Reflections in a cemetery

9 December 2017

I suppose it’s inevitable that visits to a cemetery inspire us to pause and to reflect upon our mortality. I have found myself often reflecting upon my own life, with its trials and tribulations and acknowledging that all whose mortal remains lie six foot below the surface upon which I stand, experienced similar events in the course of their own lifetimes. And suddenly those ‘big’ issues that test us in daily life melt in the face of the reality that it all comes to this – the end of life, it’s experiences, it’s emotions and yes, even its wealth!

Since I’m the last living relative in this part of the world, I’m officially designated as the ‘carer of the graves’ of those long gone, by the extended family now living abroad. On one occasion, a cousin of mine was visiting and asked me to take her to see her late father’s grave. She lived in California and at the time of his death was heavily pregnant and couldn’t travel across for his funeral. And so as the official ‘carer of the graves’ I accompanied her to the graveside. And there without warning occurred a gut-wrenching outpouring of grief followed by a spontaneous reflection of her earliest nurture years. In fascination I witnessed the deepest of psychoanalytic events prompted by physically being at the graveside of a parent – one of the core players in the nurture space. I remember reflecting that perhaps the most effective psychotherapy could be that which is conducted at the graveside of a deceased parent. Confronted by our finite mortality and being powerfully prompted by the memory of the late nurturer may well result in many more dramatic and cathartic breakthroughs.

I recently attended the funeral of one of our close friend’s mother. She had died barely six months following the death of her husband. They had lived a full life into their early nineties and had been married for seventy years! I had observed how mom’s health deteriorated literally from the moment that her late husband had died. She immediately started losing weight, becoming terminally emaciated at the time of her death. Towards the end there was evidence of multi-organ failure together with the appearance of a highly malignant cancer. From my perspective it was a clear manifestation of the emotional effects on body structure and function. It’s a study which has fascinated me for more than thirty five years. Following a profound loss, the individual enters a space characterized by an almost terminal dearth of meaning and purpose. And unless they find new meaning and purpose to provide the safety net, death soon becomes inevitable. In regard to the death of a spouse following on soon after the passing of a life-long partner, I would propose that the passing of the remaining partner may well be due to a broken heart. And indeed it is documented that one can in fact die of a broken heart.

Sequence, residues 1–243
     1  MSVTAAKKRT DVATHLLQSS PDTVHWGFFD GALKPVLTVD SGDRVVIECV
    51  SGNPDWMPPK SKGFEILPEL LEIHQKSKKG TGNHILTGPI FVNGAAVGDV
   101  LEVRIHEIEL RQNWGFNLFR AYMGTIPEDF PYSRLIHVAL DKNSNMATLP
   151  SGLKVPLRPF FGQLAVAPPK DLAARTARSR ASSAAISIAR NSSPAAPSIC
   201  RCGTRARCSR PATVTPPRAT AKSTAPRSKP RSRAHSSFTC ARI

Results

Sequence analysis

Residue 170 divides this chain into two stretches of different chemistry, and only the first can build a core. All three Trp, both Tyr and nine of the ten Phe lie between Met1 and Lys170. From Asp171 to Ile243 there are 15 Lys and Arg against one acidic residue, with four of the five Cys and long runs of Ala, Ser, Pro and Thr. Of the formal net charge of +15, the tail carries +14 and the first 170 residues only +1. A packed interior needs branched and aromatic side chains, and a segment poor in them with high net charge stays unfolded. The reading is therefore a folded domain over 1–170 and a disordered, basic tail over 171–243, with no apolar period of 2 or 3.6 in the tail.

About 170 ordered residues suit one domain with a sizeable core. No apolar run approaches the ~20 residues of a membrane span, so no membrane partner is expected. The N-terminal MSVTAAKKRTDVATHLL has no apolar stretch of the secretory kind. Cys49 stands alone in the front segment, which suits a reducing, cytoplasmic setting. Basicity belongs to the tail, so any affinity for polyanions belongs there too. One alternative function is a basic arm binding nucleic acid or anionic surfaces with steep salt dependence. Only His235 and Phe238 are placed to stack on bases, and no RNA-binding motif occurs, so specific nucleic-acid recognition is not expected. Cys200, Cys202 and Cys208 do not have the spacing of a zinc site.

The broken heart syndrome, also called takotsubo syndrome (named after an octopus trap in Japanese), is associated with a rapid ballooning of the left ventricle. It typically follows on after great emotional distress. Most individuals survive but a small percentage of individuals succumb to the condition. It was proposed that the actress Debbie Reynolds succumbed to the broken heart syndrome within days of the death of her actress daughter Carrie Fisher.

It is not surprising therefore that much fine prose and poetry have been inspired by visits to cemeteries. The Dutch writer Cees Nooteboom made a point of visiting cemeteries and specific graves to derive the inspiration to write. Similarly the writer James Silas Rogers focuses most of his writing on cemeteries, explaining that ‘cemeteries are never emotionally neutral’.

And so I would conclude by advising those who feel the need to write but who are experiencing degrees of writer’s cramp, to go and visit a cemetery. If you still don’t come up with inspiring prose, at least it will cause a pause and some reflection. Perhaps then the issues that you carry may well dilute out as you’re confronted by the reality of our finite sojourn upon this earth.


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